Authors: Jewell Parker Rhodes
Left foot, right. He couldn't stop. Out of the house.
“Joe,” Hildy called.
His pace quickened. He was running full out.
The sun seemed to be growing brighter, flooding the porch. Off in the distance, he swore he heard the rush of water. He ran, but he didn't think he could outrun his dread.
ary wondered if she was going crazy. Her head flickered with pictures. She needed to keep movingâstirring grits, setting the table, mixing meal. She didn't have time to wash or cry.
“Ma,” she whispered. Maâburied; good and gone.
She had to make it through her morning chores. Then she'd escape to town and her elevator where with her fingertips, she'd make the steel-rimmed cage soar. For now, it was best not to feel anything. Best to still the scream bubbling inside. Best to keep moving.
“Ma,” she murmured. She was a fool to be remembering her mother's lavender-scented hands stroking her back. A fool to be thinking she could still hear lilting lullabies and murmurs of “Love you.” She was too old to be crying for her Ma. Too old to be needing a woman to talk to about her shame.
Laying strips of bacon in the pan, she remembered well what she tried hard to forget:
Her ma standing in the kitchen, her abdomen contracting in visible
waves. Slow and easy, at first; then, erratic and punishing. Ma reassured her: “It took days to birth you.” Newly seven, she stood at her mother's side, braids down her back, making preserves, snipping off stems, pressing mounds of blackberries into boiling syrup. The big-bellied pot cackled over the fire
Mary cracked two eggs deftly into the batter, tossing the shells into the sink.
Ma's hands, stained with black juice, guided hers. Strong, lean-fingered hands stroked her hair, tickled her sides. Her mother hummed softly through her belly's unproductive heaves, through the rising scent of berry juice. Mary's terror grew as sun flooded the kitchen, glinting like flames. The curtains fluttered like bird's wings
Mary paused; the curtains hung limp. She tossed more wood into the stove.
Ma tilted her head, as if hearing a sound from far off. Blood drained down Ma's legs, catching them both by surprise. Ma collapsed on the linoleum, her legs hitched, thrusting the baby out of her. Newborn Jody slipped out of her body, skittering in a pool of blood; Ma's yellow skirt turned red. Mary began screaming. The boiling juice caked in the pan. Ma gripped her hand, insisting, “Hush.” She made Mary promise to mother Jody
Mary wiped down the counter.
Ma lay flat on the kitchen floor, hair fanning, arms grasping her flattened belly, whispering to Mary. Whispering, “Hush. Don't scream. Don't blame Pa or the baby. It's God's will.” Jody slept, wrapped in kitchen towels. “Hush. Don't scream.”
Pressing her legs together, Mary flipped another meal cake. “
Hush. Don't scream
.” The grease cackled and gurgled. Dell's semen leaked through her underwear, sticking between her thighs. Mary stopped moving and stared at the linoleum.
She could see her mother lying dead beside the sleeping child
“Hurry up, Mary. Man's got to eat.”
She was startled by Pa's grating voice. He and Jody washed their handsâdirt clogging the sinkâtalking about the harvest, the tilling that needed finishing in the north field.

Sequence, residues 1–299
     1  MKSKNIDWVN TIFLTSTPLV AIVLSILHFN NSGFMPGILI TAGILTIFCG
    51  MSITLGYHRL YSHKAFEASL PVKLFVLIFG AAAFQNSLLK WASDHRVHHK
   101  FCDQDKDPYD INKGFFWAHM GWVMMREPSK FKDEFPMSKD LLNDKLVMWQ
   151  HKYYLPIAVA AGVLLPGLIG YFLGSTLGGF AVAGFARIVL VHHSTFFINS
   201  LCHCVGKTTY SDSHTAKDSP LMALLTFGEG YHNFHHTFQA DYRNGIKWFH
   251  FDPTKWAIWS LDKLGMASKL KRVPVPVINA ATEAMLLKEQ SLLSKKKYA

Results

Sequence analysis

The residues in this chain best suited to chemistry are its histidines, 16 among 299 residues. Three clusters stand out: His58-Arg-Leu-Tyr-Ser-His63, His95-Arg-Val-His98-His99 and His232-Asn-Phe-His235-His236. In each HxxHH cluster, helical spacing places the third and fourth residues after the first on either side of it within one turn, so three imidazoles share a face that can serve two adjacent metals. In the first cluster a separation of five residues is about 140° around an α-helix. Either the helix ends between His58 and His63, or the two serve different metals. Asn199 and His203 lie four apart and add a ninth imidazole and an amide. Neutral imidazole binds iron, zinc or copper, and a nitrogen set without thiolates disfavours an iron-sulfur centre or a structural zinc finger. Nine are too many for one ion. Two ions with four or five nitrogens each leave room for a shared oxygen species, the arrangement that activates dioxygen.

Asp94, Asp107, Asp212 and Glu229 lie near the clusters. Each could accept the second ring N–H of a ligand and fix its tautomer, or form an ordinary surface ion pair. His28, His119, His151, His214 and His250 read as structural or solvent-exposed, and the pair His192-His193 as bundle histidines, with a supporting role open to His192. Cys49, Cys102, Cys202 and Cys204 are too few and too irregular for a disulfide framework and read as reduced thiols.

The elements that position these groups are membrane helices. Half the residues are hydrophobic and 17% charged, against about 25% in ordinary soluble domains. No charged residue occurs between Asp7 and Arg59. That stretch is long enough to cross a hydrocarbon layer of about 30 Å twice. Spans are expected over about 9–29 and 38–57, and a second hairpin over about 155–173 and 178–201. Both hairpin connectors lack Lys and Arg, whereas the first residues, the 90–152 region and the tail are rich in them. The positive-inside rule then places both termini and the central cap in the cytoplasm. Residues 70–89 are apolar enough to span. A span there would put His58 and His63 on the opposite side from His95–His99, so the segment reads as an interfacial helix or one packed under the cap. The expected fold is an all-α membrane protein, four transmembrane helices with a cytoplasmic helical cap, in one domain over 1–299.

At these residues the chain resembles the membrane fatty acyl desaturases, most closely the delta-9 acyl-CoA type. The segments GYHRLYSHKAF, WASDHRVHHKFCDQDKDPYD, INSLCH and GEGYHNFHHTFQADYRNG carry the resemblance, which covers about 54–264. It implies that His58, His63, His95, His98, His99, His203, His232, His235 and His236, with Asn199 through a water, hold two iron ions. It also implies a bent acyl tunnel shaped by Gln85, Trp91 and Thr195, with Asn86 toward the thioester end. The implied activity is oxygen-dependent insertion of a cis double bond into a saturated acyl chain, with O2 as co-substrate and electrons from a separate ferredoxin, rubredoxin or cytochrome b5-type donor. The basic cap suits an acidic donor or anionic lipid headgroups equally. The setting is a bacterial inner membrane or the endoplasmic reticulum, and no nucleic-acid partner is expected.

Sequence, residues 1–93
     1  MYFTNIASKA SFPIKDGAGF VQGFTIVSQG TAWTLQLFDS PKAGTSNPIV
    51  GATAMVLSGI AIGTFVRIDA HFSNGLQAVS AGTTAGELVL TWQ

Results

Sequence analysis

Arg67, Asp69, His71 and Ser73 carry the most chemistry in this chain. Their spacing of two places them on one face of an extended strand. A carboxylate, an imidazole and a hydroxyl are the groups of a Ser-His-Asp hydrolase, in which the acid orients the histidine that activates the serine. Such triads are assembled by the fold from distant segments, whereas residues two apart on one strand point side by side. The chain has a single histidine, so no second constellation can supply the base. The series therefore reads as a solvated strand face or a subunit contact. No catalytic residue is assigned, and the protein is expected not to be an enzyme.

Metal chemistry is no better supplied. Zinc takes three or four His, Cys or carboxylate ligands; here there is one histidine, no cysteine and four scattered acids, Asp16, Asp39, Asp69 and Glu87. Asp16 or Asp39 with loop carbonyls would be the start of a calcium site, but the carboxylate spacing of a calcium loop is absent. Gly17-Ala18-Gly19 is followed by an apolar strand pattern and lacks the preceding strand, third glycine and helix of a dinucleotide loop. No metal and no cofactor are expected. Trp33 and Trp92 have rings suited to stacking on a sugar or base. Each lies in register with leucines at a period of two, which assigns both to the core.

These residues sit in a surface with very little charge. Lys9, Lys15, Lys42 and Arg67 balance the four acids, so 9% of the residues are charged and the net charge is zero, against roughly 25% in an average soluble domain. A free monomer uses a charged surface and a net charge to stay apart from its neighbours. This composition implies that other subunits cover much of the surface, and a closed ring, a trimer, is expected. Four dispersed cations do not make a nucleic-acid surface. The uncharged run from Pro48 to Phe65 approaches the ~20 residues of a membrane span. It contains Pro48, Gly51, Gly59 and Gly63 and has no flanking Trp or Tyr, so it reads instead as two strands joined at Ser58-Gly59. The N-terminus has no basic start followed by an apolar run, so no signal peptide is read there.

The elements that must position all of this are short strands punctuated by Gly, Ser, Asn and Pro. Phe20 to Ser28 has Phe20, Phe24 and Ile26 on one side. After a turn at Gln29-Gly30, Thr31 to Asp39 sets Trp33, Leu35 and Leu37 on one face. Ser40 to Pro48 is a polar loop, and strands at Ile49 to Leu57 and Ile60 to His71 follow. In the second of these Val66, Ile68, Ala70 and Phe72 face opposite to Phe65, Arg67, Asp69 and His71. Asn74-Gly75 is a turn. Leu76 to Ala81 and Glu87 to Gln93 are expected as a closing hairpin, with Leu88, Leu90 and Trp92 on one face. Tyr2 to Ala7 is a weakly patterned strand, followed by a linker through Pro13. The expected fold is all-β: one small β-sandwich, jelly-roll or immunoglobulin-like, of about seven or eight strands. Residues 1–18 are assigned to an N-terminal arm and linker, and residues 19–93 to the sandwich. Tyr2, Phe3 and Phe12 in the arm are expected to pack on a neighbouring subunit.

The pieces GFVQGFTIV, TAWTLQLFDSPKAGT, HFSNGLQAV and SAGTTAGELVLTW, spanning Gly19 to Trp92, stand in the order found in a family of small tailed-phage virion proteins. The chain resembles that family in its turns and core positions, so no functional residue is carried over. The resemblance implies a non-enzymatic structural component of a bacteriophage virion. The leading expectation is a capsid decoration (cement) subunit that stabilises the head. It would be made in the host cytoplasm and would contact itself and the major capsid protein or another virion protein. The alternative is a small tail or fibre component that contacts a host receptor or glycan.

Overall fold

The curtains ruffled. She smelled an acrid burning, heard the wail of a baby being born
Spooning another cake into the pan, Mary turned the fire high. She felt weighted before the stove.
Jody stole behind her, squeezing her shoulders, “You all right?”
Hands trembling, her wrists bruised, Mary smoothed her apron.
“I'm all right.”
“I'm hungry, Mary.” Pa tapped his fingers on the table ledge.
“Sorry, Pa.” She scooted past Jody and slid two yellow cakes onto Pa's plate.
“Syrup,” he said.
She pulled the molasses down from the cabinet.
She poured a small glass. Most of the morning's milk had spilled in the barn.
Mary moved away from the table, whispering fiercely, “Nothing's wrong, Jody. Sit down and eat. Nothing's wrong.” She smacked more meal into the pan and a spray of oil licked her fingers. She stared at the rising blisters; then lowered the flame, scooping more batter into the sizzling pan.
Mary listened to the scrape, the shuffle of wood as Jody maneuvered his body into a chair. Damn him. Why was Jody so woebegone? He was the one who'd left her to go to war.
Don't blame Pa or Jody
.” But she did.
She slapped the spoon. So eager to get off the farm, Jody had enlisted and been gone after a quick good-bye. For two years she'd heard nothing. She'd listened to Pa whine, watched the fields lay fallow, and when there was nothing to eat, she'd gone to work to replace Jody's lost labor. Two years. Not a letter from Jody. Nothing to ease her worry that he'd be shipped home in a box. Until, one day, an uneven scrawl on thin paper arrived: “I'm coming home.”
Carrying cigarettes and meringue pie, she'd met him at the train station.
He'd moved slowlyâone pant leg pinned up, his crutch tap-tapping the platform.
Now Jody looked like somebody had cut off his other leg, all because she hadn't told him: “I'm
all right.” Yet he was the one who had left her.
Mary was sorry for everything. Sorry Pa couldn't love a one-legged son any more than he could love a wife who couldn't bear a dozen sons. She was sorrier still for wanting Dell, for wanting someone, just once, to ease her loneliness. She squinted as sunlight rimmed the window.
“Dell's late. Must've had problems with the fencing. Did you see him, Mary?”
Mary pressed a quick kiss on Jody's cheek. She slid two cakes onto his plate, turned back to her small stove to fry bacon as Dell stepped inside the door.
“You're late,” said Pa.
Dell shrugged. “Got some griddle cakes for me, Mary?”
Her knees buckled. Dell was handsome again; his hair newly wet; his silver-buckle casting rainbows.
Dell sat across from Jody, to the left of Pa like a second son. Mary wanted to smack him. Poor Jody. A good harvest outweighed a brave veteran any day.
Keep moving. A scream constricted in her throat. Mary's hands fluttered nervously. She wanted to be buried with her mother's bones. All the men she'd ever known had taken from her: Dell by plowing into her, Jody by skipping off to war without a care for her, and Pa, his hand out on Fridays, collecting the dollars she'd earned working the elevator.
“Father, we are thankful for Your bounty.” Pa nodded, then the three of them, sitting on the lilac cushions she'd embroidered, began chawing like desperate bulls. Nobody said, “Thank you.” No, “Fine breakfast, Mary.” Just hands moving toward mouths; jaws chomping food; throats gulping milk. Between bites, Dell had a wide, fat smile.
She heard Ma whispering, “Hush